miércoles, 12 de junio de 2013
martes, 11 de junio de 2013
martes, 4 de junio de 2013
In 1964, LIFE photographer Michael Rougier (left, on assignment in Tokyo) and correspondent Robert Morse spent time documenting one Japanese generation’s age of revolt, and came away with an astonishingly intimate, frequently unsettling portrait of teenagers hurtling willfully toward oblivion.
In Rougier’s photographs — pictures that seem to breathe, at once, a reckless energy and an acute despair — we don’t merely glimpse kids pushing the boundaries of rebellion. Instead, we’re offered the rare and disquieting gift of complicity: this generation of lost boys and girls, Rougier’s pictures suggest, is trying to tell us something — something reproachful and perplexing — about the world we’ve made. Or rather, the world that we’ve broken.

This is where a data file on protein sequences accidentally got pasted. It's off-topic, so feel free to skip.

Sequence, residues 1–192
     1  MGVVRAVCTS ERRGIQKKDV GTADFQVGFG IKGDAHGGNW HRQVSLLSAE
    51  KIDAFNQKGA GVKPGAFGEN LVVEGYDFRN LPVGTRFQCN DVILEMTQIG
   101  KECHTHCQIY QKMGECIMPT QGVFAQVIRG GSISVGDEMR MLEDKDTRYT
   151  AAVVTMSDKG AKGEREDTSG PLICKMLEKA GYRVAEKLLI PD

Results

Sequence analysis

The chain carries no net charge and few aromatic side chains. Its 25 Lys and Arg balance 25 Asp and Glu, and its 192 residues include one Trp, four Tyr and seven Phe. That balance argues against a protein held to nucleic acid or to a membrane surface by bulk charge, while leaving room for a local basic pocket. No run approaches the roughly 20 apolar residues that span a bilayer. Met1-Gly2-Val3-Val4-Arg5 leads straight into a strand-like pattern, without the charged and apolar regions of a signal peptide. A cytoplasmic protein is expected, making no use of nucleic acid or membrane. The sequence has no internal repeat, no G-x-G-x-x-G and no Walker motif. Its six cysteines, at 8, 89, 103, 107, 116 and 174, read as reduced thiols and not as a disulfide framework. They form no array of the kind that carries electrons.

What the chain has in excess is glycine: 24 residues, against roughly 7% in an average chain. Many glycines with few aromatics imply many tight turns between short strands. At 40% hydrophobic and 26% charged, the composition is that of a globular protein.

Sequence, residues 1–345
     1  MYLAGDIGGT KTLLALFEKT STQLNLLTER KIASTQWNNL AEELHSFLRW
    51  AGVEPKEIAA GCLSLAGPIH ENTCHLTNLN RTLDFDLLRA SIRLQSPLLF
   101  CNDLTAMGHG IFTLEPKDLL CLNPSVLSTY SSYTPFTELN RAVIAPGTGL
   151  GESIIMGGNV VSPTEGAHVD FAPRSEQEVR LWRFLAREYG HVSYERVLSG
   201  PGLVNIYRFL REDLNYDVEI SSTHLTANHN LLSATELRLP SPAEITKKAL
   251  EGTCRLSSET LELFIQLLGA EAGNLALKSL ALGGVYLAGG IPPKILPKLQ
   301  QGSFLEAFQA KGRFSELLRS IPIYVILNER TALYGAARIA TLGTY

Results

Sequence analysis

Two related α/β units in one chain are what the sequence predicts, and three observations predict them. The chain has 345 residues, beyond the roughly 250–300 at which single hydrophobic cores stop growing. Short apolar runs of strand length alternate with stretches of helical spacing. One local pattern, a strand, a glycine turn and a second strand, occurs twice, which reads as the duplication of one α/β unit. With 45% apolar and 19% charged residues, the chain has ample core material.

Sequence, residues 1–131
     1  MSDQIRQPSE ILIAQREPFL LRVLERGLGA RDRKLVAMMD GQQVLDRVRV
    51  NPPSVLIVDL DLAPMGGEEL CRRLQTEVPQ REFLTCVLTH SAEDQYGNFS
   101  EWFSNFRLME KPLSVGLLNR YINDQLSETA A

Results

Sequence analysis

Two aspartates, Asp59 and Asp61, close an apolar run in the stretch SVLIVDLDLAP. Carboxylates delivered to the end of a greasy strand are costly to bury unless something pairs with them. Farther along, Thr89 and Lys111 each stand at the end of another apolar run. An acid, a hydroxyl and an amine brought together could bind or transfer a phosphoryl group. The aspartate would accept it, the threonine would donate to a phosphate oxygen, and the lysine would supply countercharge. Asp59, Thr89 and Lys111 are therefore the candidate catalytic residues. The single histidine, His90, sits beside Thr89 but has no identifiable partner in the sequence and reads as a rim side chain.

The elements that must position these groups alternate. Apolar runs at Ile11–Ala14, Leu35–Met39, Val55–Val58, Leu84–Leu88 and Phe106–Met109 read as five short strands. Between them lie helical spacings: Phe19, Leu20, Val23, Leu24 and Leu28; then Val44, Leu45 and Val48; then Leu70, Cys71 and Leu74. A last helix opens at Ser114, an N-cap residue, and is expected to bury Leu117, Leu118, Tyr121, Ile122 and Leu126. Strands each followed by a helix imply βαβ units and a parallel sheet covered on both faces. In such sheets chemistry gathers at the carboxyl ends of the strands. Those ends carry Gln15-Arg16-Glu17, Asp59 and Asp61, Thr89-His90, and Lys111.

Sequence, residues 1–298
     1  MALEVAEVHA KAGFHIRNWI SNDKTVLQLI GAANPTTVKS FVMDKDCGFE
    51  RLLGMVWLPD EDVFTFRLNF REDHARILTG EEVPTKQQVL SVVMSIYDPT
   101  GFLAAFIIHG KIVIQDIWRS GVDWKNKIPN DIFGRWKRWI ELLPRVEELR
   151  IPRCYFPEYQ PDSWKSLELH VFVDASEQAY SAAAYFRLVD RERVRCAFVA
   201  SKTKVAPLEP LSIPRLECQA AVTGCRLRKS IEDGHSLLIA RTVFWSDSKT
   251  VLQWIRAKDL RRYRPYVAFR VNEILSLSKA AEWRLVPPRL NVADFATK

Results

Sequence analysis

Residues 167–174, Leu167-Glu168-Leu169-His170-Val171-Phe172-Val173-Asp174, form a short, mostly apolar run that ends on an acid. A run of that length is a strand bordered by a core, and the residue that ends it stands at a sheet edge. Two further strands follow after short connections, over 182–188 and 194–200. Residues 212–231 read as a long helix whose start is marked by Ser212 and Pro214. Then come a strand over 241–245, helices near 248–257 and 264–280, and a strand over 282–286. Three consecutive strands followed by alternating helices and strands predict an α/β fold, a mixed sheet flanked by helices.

The teens and other young adults portrayed in Rougier’s pictures, Morse noted in a 1964 LIFE special issue on Japan (where some of these images first appeared), are “part of a phenomenon long familiar in countries of the Western world: a rebellious younger generation, a bitter and poignant minority breaking from [its] country’s past.”